“The main problem has been the closure of hotels in Kariba. Some hotel owners abandoned the properties and we hope the Ministry of Tourism and Hospitality Industry will force them to pave the way for new investors,” he said.

Close to seven hotels including Lake View, Kariba Breezes, Forthergill, Sanyati Lodge and Katete have ceased operations.

“The hotels provided the necessary accommodation for tourists and we would be happy if we get regular and efficient flights to Kariba.”

MP Mackenzie also urged Government to upgrade the airstrip in Kariba.

“Our area lags behind compared to such areas as Victoria Falls because of Government input in that area. We would be happy if Government puts the same effort in Kariba so that tourism improves,” he said.

Business people in the area feel more can be done in Kariba. Ultimate Leisure Adventures managing consultant Mr Laiton Mkandawire believes Kariba offers the unique combination of sun and water sports and game viewing by water, land and by air but needs to be developed.

“The damming of the Zambezi River at Kariba Gorge and the resultant formation of Lake Kariba created a new reality out of an untouched wilderness only known to the BaTonga people prior to the 1950s,” he said.

“A wide spectrum of wild animals and bird-life is on offer along the Matusadona National Park. The animals can be viewed from a boat, your lodge, on a safari walk or during a game drive. Both international and local tourists find this destination attractive.”

The Kariba Invitation Tiger Fish Tournament has grown to be a major calendar event attracting international anglers.

Leisurely bream fishing is also popular, particularly, because the fish is a delicacy.

“Kariba’s proximity to Mana Pools National Park helps to combine two of Zimbabwe’s best national parks — Matusadona and Mana Pools while a cruise on Lake Kariba ensures a perfect mix. Trips to Mana Pools National Parks mostly start from Kariba, from where the Zambezi River ambles on to this gazetted World heritage Site.”

However, Mr Mkandawire said despite all these attractions, Kariba’s tourist arrivals have been dropping dramatically in recent years.

“The introduction of domestic flights in August 2014 and the re-introduction of daily luxury coaches were thought to be enough measure to stem the drop but this has not been the case,” he said.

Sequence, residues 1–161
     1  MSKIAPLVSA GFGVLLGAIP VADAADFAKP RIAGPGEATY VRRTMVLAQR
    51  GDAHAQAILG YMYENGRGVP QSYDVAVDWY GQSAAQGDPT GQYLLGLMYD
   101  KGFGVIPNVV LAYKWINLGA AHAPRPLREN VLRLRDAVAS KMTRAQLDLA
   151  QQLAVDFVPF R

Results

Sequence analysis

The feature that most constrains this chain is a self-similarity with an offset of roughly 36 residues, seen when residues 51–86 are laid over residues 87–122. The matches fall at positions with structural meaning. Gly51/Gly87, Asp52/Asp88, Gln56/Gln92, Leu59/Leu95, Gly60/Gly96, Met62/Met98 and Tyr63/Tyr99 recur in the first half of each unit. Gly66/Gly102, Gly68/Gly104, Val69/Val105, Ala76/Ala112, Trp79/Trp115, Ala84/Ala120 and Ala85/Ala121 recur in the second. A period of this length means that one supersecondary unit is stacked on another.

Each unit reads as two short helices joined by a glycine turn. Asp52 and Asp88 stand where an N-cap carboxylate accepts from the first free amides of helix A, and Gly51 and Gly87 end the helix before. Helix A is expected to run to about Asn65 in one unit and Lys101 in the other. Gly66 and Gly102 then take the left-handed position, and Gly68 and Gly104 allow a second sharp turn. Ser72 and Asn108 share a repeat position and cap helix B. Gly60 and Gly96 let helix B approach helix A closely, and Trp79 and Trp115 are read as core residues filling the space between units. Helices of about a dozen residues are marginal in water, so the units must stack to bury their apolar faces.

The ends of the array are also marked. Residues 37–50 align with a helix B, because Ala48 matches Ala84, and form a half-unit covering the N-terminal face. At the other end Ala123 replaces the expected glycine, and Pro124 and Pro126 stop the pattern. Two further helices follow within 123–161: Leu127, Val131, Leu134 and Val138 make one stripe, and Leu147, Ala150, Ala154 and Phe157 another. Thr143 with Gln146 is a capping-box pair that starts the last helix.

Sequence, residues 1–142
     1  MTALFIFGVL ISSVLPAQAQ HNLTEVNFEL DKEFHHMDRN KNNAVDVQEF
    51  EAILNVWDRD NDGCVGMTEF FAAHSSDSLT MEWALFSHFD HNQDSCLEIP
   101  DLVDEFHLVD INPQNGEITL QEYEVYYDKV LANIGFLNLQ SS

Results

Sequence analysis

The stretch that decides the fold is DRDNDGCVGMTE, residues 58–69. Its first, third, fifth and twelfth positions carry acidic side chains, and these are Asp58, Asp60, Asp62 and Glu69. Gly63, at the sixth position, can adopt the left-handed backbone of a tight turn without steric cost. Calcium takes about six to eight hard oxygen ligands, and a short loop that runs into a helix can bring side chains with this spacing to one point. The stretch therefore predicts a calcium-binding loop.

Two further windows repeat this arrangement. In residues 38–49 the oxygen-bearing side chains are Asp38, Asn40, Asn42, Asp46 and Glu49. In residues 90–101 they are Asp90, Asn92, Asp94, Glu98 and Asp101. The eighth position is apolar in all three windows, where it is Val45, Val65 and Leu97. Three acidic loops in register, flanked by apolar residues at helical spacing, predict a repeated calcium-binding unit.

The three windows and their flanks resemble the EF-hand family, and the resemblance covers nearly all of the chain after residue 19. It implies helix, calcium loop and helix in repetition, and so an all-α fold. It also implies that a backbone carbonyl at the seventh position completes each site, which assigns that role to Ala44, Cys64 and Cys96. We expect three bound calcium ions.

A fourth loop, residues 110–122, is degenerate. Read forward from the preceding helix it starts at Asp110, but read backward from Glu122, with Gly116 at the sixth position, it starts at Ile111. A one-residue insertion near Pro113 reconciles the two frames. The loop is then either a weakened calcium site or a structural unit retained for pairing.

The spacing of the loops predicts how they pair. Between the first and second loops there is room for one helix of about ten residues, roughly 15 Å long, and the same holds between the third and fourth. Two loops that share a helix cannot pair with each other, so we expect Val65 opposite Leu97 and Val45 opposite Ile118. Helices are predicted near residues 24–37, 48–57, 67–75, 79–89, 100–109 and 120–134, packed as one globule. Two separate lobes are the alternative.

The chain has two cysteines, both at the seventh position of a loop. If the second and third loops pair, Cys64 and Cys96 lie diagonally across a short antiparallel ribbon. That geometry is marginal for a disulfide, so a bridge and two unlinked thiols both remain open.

Sport tourism, according to Mr Mkandawire, was also expected to boost Kariba’s fortunes but an unexplained delay in the completion of the Nyamhunga Stadium has been a negative factor to development.

“It was expected that domestic tourism would be a precursor to international tourism. Well, unless the lethargy in implementing important national programmes is arrested, the rot will continue.”

He added: “Without a vibrant domestic tourism platform, even our peak seasons- school and public holidays- will not help much. The tourism infrastructure is there but it is lying idle and if it continues like that, we will not be able to maintain it to the standards expected and demanded by international tourists.”

According to the Zimbabwe Parks and Wildlife Management Authority, Kariba Recreational Park is based around the Zambezi River, which was initially dammed so as to build a hydroelectricity generation utility for the benefit of both Zimbabwe and Zambia.

The Kariba dam wall with six flood gates was built between 1955 and 1959 and is 128 metres high and 617 metres wide.

The lake is 282 kilometres long at full level and 32 kilometres across at its widest point, 116 metres deep and covers an area of 5 180 square kilometres of what once was the Gwembe trough.

The dam wall was designed by Andre Coyne, a Frenchman, and built by a constructor called Impresit from Italy. Eighty-six men perished during construction of the dam and a church has since been constructed as a memorial to them.

There are many stories that are put forward to explain the name Kariba. Some elders in the area note that close to the dam wall lies a rock that resembles a traditional stone trap, riva, hence Kariva, later mispronounced by the Europeans as Kariba.

The other version is that the rock was named “Kariva” due to the fact that when the river flooded, the Rock trapped water thereby making it difficult for the locals who often crossed the river to return to either side of the Zambezi.

Feedback: sydney.kawadza@zimpapers.co.zw